Anytime you need to learn new skills or material, find a way to make that material relevant to your life right now. Ask yourself, “What will learning this get me?” or “How can I have FUN with this?” For example, let’s say you have an occupational test coming up and a good score might lead to a higher paying job. Take a moment to visualize or think about the benefits you will experience--buying a new car, taking an attractive member of the opposite sex out for an evening, taking your family on a vacation, really enjoying the new work and your colleagues, realizing your highest potential, serving a spiritual purpose…whatever gets you excited. Once you have something wonderful in mind, I invite you to experience having it right now (you can do this with eyes open or closed). See what you would see, hear what you would hear, and really enjoy the feelings related to these things. Take your time and note the characteristics of your experience. Nod your head lightly when you’ve got it. Now, each and every time you study, start your session by closing your eyes and revisiting this experience for a short while. As you work with the process you’ll get better at it and find yourself really looking forward to it.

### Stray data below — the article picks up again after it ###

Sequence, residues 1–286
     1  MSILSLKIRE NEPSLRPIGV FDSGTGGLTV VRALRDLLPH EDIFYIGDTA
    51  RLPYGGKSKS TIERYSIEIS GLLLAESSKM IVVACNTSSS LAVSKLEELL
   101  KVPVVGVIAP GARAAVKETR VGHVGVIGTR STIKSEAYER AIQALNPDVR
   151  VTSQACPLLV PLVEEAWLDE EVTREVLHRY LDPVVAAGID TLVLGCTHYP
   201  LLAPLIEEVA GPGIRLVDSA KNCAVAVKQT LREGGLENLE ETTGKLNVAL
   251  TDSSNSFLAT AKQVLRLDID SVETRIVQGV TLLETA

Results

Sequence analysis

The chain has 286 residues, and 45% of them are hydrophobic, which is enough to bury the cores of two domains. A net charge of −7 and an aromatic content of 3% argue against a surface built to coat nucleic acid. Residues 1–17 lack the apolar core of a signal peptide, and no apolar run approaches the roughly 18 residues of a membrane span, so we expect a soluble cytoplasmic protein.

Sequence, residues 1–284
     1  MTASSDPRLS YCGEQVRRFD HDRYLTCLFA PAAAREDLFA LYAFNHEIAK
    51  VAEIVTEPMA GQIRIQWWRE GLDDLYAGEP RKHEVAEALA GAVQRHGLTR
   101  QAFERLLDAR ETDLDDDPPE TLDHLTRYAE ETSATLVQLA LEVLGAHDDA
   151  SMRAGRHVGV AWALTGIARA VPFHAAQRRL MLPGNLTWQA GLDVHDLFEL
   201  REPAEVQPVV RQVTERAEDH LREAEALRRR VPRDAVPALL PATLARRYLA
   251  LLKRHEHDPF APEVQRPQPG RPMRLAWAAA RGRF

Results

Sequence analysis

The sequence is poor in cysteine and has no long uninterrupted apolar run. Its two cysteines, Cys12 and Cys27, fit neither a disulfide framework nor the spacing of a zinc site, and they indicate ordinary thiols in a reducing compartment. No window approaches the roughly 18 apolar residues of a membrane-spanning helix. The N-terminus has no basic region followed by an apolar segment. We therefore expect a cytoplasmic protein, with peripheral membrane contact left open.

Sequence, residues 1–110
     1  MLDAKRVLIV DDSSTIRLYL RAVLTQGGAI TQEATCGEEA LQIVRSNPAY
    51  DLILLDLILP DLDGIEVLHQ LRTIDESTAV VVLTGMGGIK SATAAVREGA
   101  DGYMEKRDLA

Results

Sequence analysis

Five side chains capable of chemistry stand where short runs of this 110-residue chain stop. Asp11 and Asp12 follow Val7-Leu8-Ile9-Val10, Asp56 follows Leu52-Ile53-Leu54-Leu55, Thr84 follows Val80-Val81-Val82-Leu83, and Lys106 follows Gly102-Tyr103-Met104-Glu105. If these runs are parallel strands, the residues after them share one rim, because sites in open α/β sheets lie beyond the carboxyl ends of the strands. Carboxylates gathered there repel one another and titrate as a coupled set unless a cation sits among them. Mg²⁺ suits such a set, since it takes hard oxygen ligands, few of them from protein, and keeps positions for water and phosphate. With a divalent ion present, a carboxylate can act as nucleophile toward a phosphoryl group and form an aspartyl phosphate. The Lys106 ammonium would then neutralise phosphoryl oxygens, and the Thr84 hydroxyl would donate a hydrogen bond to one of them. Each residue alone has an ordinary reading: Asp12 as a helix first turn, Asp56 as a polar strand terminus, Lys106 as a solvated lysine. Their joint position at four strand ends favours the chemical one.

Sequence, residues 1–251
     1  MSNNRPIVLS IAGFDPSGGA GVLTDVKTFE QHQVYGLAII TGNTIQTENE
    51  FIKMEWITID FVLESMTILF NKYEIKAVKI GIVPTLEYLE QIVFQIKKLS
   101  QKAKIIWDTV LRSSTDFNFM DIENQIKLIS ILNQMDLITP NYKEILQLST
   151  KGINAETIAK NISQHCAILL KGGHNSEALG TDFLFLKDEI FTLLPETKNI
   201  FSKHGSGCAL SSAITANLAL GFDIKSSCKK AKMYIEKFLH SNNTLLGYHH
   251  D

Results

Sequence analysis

The great hypnotherapist Milton Erickson once described the trance state as "the state in which learning and openness to change are most likely to occur." This is a great description. In fact, many believe that we incorporate new information and skills best when we are in a “learning trance.” This is a state where a type of selective thinking is engaged. It’s a state of relaxed concentration, which can become associated with the learned behavior. The learning trance can be initiated by ourselves, a coach, an environmental trigger, or in other ways. Once associated with the learned behavior, the state can be intentionally activated at a later time to allow the behavior to be performed in the optimal way.